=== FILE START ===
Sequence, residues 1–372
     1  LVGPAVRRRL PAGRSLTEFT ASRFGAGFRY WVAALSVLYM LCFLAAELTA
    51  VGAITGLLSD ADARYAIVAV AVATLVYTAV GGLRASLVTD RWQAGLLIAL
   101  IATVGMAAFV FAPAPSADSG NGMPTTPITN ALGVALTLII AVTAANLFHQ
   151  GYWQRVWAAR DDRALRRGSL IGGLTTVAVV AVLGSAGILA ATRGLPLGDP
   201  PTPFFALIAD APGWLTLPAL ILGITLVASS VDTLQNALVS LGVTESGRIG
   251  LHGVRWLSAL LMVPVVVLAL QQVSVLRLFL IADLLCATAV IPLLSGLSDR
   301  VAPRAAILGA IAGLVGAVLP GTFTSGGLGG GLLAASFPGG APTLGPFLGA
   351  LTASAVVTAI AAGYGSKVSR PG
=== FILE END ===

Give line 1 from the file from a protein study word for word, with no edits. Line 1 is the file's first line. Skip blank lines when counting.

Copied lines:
Sequence, residues 1–372